A tale of a woman (Priyanka Chopra) who goes through seven husbands in her quest for true love.

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Marriage is hell in Bollywood black comedy.

The new film from major Indian director Vishal Bhardwaj opens with a shocker: there’s a gun, a heartbreak and blood on the wall. It’s a visual puzzle that seems to equal suicide, but like so much in this long and twisty melodrama, appearances are deceptive. Based on a short story by Anglo-Indian author Ruskin Bond, Saat Khoon Maaf has a knotty plot, a few songs, romance, sex appeal, an impish and dark sense of humour and a biggish body count (well, six to be precise).

Though it’s basically a drama, Bhardwaj manages to find a way to integrate song and dance and even slapstick comedy into the action, as well as some pretty vicious violence. The story deals with a wealthy Christian-Indian Susanna (Priyanka Chopra) and covers about 25 years of her life. Beautiful and elegant, Susanna has no luck in love. The film is structured in episodes, with each covering the sad and often ugly history of her six marriages. Each time Susanna believes she has met the perfect partner she finds that underneath the surface of a loving, nurturing man there is a heart of darkness. The movie’s plot gimmick is that instead of just walking away from the unhappiness, Susanna finds a way to knock each and every one of her husbands off.

In the great tradition of cinematic thrillers, Bhardwaj finds a way to make the audience complicit in Susanna’s predilection for mass murder. Or to put it another way, each of Susanna’s blokes had it coming, big time, so when she kills them we feel like it’s a case of natural justice (at least at first we do). A lot of Susanna’s troubles revolve around what goes on in the bedroom. Edwin (Neil Nitin Mukesh) her first husband, a handsome soldier, lost a foot in combat; he tortures her by rubbing his stump in her face, which seems to be his idea of fore play. Musafir (Irrfan Khan), a poet and spiritualist, turns out to be a sadomasochist. Jimmy (John Abraham), a rock star with a hit song, is a plagiarist, hooked on heroin and addicted to groupies. Then there’s a dashing Russian, Nikolai (Aleksandr Dyachencko), who might be a spy, but is certainly a bigamist.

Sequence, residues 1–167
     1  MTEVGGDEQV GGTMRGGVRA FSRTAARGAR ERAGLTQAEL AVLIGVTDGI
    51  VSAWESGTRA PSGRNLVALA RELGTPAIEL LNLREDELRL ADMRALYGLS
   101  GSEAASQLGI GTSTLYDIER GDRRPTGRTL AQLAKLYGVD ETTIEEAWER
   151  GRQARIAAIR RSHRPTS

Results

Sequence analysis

Of course, each of Susanna’s husbands is a bold fantasy figure; shallow constructs of 'types’ that have more to do with relationship advice columns in lifestyle mags than anything resembling flesh and blood characters.

In its way, this is a weird movie. The tone swerves from heartfelt emotion to ironic black comedy and back again; just before the interval a title pops on the screen: 'four husbands to go’. Bhardwaj seems to want to be making a movie that attacks stereotypes of romantic fiction and romantic fiction films. He manages to turn Susanna into a mysterious and alienated character, too. Arun (Vivaan Shah), a servant boy to Susanna, narrates the movie in flashback. In the story Susanna becomes his guardian, funding his education as a doctor. Meanwhile, Arun develops an obsessive, possessive fixation on her that lasts into his adulthood. It’s in this part of the plot that Bhardwaj’s direction becomes intriguing. As the story progresses and Susanna advances into middle age, Arun begins to have little sympathy for Susanna’s needs and desires and her lethal habits.

Saat Khoon Maaf
has a couple of last minute plot twists that aim to resolve the film’s seemingly dark morality. In a way that’s satisfying; part of the movie deals with our capacity to delude ourselves, to see only what we want to see. The redemptive ending offers clarity. Still, there’s a lot of power in Bhardwaj’s sense of playfulness. Love, he seems to suggest, is a game played for keeps. It requires total commitment. Or else.

Details

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In Cinemas 18 February 2011,

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